He's a big, technically sound lineman who showcases a thick upper body, good first step and the base strength to drive defenders off the ball. He's a tough, blue-collar guy who plays with a mean streak and isn't afraid to do the dirty work inside. Bruggeman has decent footwork in pass protection but lacks the type of athleticism to make up for a false step. However, he ran very well at the Iowa pro day (5.05), benched 225 pounds 32 times, had a vertical of 33 inches and displayed much better athleticism than many scouts anticipated. He's one of the draft's top run-blocking centers and could be the next Iowa offensive lineman to go relatively unnoticed but find his way into a starting role in the NFL.

DE Zach Potter, Nebraska (6-7, 279)
Potter is a tall, well-built defensive end who produced 28 tackles for loss over the past two seasons and seems to have a knack for getting his hands up at the right time and knocking down passes. When we first saw Potter on tape, I loved the way he used his length and power to consistently bull-rush offensive tackles and shed blocks on the outside. It was obvious he didn't have the first step to consistently rush off the edge, but he understood his strengths and did a great job pushing the pocket and doing whatever was necessary to irritate the quarterback.

Now, after a strong showing at the combine, where he ran in the low 4.9 range and showcased good fluidity and balance during position drills, Potter is starting to generate some interest toward the mid/late portions of the draft. He has a long frame and possesses impressive base strength and power on contact. He's a tough blue-collar kid who understands how to use his hands and does a nice job shedding blocks. He has the makings of a strong base end in a 4-3 scheme who may be able to slide inside and help rush the passer on third down. However, I think he's best suited to add weight and make the move to the five-technique DE spot in a 3-4. Potter has the length, technique and motor to work his way into any scheme.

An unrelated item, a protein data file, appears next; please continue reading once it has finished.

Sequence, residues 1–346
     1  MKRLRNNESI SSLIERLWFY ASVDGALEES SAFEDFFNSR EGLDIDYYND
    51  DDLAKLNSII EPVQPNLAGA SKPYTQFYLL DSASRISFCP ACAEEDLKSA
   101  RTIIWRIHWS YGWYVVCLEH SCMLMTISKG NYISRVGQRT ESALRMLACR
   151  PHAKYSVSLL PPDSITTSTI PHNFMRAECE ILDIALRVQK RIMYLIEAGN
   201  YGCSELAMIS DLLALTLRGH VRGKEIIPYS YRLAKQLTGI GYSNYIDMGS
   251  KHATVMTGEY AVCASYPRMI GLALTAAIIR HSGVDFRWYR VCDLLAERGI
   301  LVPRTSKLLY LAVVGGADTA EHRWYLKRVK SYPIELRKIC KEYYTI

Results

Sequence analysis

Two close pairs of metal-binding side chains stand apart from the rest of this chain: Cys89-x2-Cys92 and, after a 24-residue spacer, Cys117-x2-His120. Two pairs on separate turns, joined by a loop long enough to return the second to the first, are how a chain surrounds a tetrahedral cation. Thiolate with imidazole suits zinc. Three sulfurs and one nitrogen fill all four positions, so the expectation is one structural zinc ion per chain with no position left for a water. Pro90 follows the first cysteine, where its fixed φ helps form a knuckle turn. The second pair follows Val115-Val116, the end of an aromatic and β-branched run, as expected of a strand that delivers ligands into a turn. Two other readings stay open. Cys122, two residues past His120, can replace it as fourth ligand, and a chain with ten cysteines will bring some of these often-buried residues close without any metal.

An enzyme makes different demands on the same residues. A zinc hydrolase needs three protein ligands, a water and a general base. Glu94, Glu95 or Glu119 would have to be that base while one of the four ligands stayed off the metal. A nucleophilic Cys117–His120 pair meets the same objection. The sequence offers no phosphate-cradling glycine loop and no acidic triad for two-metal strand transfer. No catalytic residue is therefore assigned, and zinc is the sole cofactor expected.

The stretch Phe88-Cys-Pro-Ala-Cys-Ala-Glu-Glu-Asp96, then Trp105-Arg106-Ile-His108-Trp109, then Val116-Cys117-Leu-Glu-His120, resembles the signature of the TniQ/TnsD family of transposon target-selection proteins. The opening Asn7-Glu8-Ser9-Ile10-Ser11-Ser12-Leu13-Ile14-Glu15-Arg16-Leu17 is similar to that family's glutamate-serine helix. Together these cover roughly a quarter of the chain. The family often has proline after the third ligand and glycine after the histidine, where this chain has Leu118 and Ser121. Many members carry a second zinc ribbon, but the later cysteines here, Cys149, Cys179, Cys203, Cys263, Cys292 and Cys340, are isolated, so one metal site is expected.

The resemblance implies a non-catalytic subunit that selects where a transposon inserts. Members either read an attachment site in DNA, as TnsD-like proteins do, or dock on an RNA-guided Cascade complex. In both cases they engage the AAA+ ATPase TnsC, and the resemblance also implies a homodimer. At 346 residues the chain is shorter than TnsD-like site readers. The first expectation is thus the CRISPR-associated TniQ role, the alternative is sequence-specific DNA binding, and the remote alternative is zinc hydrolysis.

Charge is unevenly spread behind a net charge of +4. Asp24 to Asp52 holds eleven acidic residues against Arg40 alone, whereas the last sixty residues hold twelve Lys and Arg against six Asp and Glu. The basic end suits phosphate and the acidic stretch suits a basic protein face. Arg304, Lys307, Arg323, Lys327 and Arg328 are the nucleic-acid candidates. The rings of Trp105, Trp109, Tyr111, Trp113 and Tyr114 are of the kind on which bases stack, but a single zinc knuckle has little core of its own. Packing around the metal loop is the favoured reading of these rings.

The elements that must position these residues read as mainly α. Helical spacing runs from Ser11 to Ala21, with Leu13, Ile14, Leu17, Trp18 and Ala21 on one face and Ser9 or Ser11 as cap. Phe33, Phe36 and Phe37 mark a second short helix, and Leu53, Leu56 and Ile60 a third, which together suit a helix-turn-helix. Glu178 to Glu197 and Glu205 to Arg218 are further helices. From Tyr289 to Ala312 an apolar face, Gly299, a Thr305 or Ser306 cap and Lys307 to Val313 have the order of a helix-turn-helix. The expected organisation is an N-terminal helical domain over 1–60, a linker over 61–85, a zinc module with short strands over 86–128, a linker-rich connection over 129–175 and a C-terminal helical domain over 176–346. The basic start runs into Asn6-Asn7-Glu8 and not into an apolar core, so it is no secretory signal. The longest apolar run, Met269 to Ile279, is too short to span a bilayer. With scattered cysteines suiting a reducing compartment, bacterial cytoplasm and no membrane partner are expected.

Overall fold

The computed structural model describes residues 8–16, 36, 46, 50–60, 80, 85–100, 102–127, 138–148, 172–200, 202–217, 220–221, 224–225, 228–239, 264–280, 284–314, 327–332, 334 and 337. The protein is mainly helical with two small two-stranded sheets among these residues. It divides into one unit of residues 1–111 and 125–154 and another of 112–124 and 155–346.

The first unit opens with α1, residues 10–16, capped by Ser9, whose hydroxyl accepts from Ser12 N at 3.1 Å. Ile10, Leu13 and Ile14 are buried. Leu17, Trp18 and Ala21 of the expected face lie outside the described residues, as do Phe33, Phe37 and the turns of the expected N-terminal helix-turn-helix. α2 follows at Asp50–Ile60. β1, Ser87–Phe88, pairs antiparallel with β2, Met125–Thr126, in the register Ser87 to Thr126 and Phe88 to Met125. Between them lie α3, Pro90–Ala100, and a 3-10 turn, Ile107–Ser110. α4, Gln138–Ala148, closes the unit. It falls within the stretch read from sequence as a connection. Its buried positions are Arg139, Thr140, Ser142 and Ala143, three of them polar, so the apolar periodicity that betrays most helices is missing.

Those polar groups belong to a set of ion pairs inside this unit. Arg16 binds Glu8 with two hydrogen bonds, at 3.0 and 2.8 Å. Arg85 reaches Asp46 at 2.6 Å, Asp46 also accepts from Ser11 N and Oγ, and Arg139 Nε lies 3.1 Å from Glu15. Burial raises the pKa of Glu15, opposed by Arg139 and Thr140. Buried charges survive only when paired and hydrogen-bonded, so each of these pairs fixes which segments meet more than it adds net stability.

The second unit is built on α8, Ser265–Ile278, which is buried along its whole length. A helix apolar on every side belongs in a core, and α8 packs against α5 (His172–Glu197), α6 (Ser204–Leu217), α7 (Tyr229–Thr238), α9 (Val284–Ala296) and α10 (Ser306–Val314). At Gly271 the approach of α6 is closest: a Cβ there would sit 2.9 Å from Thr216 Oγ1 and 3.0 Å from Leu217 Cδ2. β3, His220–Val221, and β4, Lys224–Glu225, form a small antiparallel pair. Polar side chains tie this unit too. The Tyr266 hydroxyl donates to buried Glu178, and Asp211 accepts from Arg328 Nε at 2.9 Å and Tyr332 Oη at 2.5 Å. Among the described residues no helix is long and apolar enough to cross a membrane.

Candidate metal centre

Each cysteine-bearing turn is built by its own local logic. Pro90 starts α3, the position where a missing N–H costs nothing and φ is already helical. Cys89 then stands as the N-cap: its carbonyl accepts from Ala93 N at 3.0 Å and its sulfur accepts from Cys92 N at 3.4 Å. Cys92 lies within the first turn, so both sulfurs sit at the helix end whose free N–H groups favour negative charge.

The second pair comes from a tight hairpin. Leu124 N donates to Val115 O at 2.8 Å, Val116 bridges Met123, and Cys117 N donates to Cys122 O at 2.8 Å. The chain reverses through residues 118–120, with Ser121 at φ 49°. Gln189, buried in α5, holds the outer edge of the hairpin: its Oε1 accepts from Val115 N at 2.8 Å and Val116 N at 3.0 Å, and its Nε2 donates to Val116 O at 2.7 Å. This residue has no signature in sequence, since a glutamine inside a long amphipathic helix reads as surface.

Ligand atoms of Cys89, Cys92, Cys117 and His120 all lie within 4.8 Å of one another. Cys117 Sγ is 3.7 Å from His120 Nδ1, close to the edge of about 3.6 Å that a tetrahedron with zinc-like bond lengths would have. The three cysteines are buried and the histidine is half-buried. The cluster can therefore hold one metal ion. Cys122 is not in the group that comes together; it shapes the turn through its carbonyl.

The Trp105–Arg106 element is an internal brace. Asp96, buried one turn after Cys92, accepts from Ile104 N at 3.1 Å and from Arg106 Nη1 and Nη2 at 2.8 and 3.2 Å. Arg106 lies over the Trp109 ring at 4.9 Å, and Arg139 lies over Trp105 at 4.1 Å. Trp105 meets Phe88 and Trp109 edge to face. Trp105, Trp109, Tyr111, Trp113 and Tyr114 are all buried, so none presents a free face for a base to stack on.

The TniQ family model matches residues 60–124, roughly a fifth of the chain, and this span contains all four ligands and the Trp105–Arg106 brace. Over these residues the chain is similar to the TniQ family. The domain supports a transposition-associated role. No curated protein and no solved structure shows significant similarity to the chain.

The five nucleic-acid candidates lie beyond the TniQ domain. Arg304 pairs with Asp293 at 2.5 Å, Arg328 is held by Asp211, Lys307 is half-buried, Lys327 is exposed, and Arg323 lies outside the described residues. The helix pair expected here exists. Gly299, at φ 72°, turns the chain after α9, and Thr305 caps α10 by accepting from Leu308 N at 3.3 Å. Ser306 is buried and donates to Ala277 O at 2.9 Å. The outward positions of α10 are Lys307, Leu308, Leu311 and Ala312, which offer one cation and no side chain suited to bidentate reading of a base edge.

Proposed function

DT Vaughn Martin, Western Ontario (6-3, 331)
It isn't often that a Canadian prospect generates this type of interest among NFL scouts, but Martin has one of the most intriguing skill sets of any defensive lineman in this year's class. He has timed as low as 4.98 in the 40, benched 225 pounds 33 times and had a vertical jumped of 31 inches. Martin played mostly DT last season but also saw some time at DE and finished the year with 36 tackles, 3½ sacks and 7½ tackles for loss.

However, it's the potential growth and upside that Martin offers that has teams so intrigued. He has an impressive looking frame and looks closer to 300 pounds than 330. He carries his weight very well and displays natural flexibility and pad level for a guy his size. He's also a tough, intense player who at times looks to be hitting anything that moves inside without any real direction. But he's a smart kid who has the intelligence and work ethic to develop under NFL coaching. He possesses an awesome physical and athletic skill set and has the base strength and explosion to play in either a 4-3 or 3-4. He should hear his name called at some point toward the back end of the draft.